Residential property transactions in the UK increased on a monthly basis in May, according to new government figures.
On an unadjusted basis, transactions in May 2022 grew to 100,870, 1.6% higher than the previous month but 2.0% lower than May last year, according to HMRC.
Meanwhile, non-residential transactions stood at 10,250, representing a 9.7% increase from May 2021 and 0.4% more than April this year.
On a provisional seasonally adjusted basis, however, HMRC reports residential transactions at 109,210 in May, down 5.1% from May 2021 but representing an increase of 1.3% from April 2022.
Compared to pre-pandemic levels, the number of real estate transactions in May 2019 was 96,500 on a seasonally adjusted basis.
Commenting on the latest figures, Karen Noye, mortgage expert from Quilter, says: “While transactions are still higher than pre-pandemic levels, we are slowly returning to some semblance of normality because while we have seen numbers slightly higher in 2022, the number of transactions has breached 100,000 several times over the past decade.
“People have been anticipating a downturn in the housing market for months now, those hoping to get a foot on the ladder are waiting for a further drop in house prices.”
“However, so far the major global events we have been experiencing lately have had surprisingly little impact. The housing market has so far defied expectations and transactions, and house prices have remained constantly high.However, the cost of living crisis will undoubtedly be its biggest challenge yet.
Last week, the Bank of England (BoE) raised interest rates to 1.25% as it now expects inflation to hit over 11% later this year.
“Soaring inflation, rising cost of living, high energy bills set to rise further in October and minimal government support mean many people are feeling the financial strain,” says Noye.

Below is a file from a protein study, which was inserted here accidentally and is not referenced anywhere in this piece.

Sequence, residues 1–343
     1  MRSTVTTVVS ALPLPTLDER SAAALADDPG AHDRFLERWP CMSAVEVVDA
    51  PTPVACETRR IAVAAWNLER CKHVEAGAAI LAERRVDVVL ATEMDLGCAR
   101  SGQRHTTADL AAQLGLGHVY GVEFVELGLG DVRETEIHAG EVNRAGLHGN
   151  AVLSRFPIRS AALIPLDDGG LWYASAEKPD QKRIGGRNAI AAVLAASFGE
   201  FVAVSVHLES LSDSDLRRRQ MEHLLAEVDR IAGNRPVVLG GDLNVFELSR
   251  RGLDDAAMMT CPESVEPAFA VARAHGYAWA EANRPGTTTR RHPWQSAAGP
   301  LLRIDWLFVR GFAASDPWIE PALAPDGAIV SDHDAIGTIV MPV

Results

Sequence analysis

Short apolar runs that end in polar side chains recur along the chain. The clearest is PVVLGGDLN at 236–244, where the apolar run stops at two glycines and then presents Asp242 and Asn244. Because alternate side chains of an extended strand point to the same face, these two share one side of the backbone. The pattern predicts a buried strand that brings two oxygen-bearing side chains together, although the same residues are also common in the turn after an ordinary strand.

Yesterday, the BoE also announced its intention to relax its mortgage affordability rules from August.
Noye says that while the announcement was a “shock to many given the current circumstances, the change may not be as significant as it appears because the Loan to Income (LTI) ‘flow limit’ will not be withdrawn, which has a much greater impact on people’s ability to borrow.
“Even still, this change could see an increase in interest in the real estate market in the short term,” she adds.
MT Finance Director Joshua Elash said: “It is impressive that the number of transactions fell only slightly in May last year, at a time when stamp duty exemption initiatives were encouraging a great activity. This is directly related to the underlying gap between supply and demand which has, and will continue to drive market stability and growth. »
“Equally, if not more interesting, is the fact that non-residential asset transactions are at their highest May level in nine years, as investors continue to search for value in commercial real estate as this part of the market rebounds fully after the pandemic.”
“The data shows that the market is once again weathering the raging macroeconomic storm as inflation and the cost of living crisis hit other sectors. The Bank of England’s decision to end mandatory stress testing will ensure that this trend continues in the months to come.
Meanwhile, Canopy Managing Director Chris Hutchinson comments, “First-time buyers are going to be scratching their heads about this, especially those struggling to raise the funds for a deposit.”
“With inflation showing no signs of abating, mortgages will continue to slip out of reach and drive those dreaming of home ownership out of the market. these people, especially by using their current financial habits to give them a boost.
Director of IMMO, Anna Clare Harper, explains: “Property transactions are important because they determine property prices, which reflect and affect both our confidence and the economy.
“These transaction figures make sense for two reasons: first, the desire to buy or sell is lower than at the same time last year. Second, the desire to hold on to the property is greater.